Arctic risk high because of salvage cost, human resource crunch

Discussing AGCS’s Safety And Shipping Review 2016, Captain Rahul Khanna, Global Head of Marine Risk Consulting at AGCS, said in a recent YouTube interview that salvage costs and human resource limitations were major factors in the cost of insuring marine risk in the Arctic sector.

“What we are looking at still is the risks involved in operating in such an extreme environment which is the Arctic or Antarctic. … One of the key risks is that if we have an accident within this region the salvaging is very difficult. We lack qualified people or experienced people to operate within these regions globally. If we do have an accident in these environmentally sensitive regions we could end up with a major loss because this could be a long-lasting salvage operation”, he said.”

Captain Khanna told AGCS’s Greg Dobie that the fall in ship transits through the northern sea route over the past couple of years was due mainly to the fall in oil prices.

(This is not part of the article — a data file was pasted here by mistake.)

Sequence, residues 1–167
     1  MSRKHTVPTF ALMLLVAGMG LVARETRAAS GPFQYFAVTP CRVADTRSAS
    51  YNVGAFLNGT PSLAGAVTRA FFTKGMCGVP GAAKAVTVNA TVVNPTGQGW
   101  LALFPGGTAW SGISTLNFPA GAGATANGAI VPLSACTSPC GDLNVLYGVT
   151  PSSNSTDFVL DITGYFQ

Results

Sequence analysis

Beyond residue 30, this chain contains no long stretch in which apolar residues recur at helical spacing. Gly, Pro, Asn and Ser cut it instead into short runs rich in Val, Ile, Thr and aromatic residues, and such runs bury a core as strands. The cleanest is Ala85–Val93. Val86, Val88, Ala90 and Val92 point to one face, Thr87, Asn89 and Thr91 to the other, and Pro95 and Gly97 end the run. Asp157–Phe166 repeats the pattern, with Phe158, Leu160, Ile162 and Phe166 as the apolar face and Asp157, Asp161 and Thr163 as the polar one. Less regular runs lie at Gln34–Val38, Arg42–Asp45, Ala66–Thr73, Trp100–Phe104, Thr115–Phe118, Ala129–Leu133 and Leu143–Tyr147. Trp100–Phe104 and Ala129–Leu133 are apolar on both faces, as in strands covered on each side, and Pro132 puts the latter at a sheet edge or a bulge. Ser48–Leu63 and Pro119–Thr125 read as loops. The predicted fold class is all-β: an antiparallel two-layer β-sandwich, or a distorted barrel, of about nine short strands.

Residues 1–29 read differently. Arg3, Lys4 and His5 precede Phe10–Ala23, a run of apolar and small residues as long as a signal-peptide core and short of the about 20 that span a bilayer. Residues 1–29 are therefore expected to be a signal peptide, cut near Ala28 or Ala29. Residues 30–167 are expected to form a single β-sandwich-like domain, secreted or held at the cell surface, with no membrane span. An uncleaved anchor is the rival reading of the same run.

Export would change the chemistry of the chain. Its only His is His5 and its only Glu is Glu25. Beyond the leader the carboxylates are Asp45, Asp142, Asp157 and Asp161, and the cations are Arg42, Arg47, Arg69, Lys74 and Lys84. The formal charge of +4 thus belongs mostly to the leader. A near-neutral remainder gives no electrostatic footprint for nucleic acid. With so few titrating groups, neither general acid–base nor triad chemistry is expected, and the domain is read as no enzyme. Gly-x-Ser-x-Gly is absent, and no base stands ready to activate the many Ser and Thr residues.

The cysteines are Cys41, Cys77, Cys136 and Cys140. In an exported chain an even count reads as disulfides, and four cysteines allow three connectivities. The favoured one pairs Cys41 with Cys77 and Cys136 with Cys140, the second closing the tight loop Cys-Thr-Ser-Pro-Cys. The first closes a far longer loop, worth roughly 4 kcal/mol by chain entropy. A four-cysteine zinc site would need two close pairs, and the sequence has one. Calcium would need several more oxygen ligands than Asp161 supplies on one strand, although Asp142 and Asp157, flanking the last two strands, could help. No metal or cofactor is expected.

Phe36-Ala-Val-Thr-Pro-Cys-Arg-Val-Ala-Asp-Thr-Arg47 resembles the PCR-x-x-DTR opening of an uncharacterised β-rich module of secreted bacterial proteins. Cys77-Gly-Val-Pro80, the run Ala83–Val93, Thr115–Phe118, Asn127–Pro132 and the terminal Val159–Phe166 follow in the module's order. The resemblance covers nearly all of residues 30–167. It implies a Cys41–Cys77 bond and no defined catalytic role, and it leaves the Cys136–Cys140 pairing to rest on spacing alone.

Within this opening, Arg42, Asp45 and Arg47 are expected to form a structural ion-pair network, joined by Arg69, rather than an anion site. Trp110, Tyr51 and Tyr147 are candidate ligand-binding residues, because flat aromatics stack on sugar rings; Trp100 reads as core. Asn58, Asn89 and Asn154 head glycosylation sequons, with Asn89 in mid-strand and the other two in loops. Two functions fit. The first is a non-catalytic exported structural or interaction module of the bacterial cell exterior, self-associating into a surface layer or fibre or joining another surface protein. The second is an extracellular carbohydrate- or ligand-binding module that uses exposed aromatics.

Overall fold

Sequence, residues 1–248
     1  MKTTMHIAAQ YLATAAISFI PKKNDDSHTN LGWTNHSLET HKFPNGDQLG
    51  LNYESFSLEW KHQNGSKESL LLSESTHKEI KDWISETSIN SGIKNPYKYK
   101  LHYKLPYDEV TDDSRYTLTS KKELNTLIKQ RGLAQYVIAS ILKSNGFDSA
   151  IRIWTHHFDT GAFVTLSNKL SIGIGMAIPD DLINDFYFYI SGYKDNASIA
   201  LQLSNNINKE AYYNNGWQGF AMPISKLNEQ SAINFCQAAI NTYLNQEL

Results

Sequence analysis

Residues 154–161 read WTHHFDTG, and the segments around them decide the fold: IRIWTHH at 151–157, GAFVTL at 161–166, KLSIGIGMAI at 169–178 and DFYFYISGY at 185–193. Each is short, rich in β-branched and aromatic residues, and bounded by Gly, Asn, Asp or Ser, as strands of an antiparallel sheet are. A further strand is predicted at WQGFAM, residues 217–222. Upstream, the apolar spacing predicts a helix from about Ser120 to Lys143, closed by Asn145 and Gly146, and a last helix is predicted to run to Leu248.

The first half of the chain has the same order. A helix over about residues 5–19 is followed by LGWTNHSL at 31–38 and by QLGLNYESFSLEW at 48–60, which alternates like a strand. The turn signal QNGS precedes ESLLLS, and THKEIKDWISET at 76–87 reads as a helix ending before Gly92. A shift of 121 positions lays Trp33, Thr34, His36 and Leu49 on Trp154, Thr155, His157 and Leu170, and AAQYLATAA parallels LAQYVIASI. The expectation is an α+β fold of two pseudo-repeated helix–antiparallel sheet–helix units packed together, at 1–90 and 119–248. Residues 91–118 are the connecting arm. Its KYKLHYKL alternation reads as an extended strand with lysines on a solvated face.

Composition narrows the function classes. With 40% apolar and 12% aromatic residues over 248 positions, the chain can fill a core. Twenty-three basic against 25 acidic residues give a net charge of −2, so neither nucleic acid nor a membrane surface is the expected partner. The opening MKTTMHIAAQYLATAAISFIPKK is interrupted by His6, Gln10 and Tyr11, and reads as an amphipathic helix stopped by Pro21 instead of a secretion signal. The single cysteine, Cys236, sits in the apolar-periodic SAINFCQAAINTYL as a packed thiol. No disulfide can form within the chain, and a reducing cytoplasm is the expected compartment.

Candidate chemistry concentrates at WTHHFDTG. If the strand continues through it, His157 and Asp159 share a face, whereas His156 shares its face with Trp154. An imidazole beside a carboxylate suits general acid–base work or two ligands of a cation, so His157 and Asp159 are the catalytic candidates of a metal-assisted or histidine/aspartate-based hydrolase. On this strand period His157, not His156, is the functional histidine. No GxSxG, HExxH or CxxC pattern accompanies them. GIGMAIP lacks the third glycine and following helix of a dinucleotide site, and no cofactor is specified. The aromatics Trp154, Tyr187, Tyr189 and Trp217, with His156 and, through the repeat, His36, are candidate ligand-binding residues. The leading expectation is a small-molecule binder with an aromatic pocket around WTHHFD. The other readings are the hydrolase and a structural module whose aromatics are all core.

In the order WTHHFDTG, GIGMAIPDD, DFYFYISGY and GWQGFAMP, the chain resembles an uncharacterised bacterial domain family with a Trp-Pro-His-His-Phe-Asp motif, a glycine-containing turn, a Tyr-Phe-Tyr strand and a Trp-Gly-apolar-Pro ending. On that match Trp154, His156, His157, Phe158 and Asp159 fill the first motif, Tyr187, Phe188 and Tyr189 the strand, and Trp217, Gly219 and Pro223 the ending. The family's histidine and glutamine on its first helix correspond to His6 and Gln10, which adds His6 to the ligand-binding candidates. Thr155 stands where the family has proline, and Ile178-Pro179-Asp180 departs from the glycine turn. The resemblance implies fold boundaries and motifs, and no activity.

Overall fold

The April report from AGCS shows that in the wider Arctic Circle waters the number of shipping incidents is at a 10-year high, with over 70 incidents having occurred in Arctic Circle waters in 2015 (up from 55 in 2014 and 50 in 2013, with the most significant increase being machinery damager or failure).

Captain Khanna said: “Shipping is an industry where human resources play a key role, and one of the key aspects is that the trained and skilled manpower to operate in these regions is limited. … As the number of vessels increases in this area we face a resource crunch pretty soon.”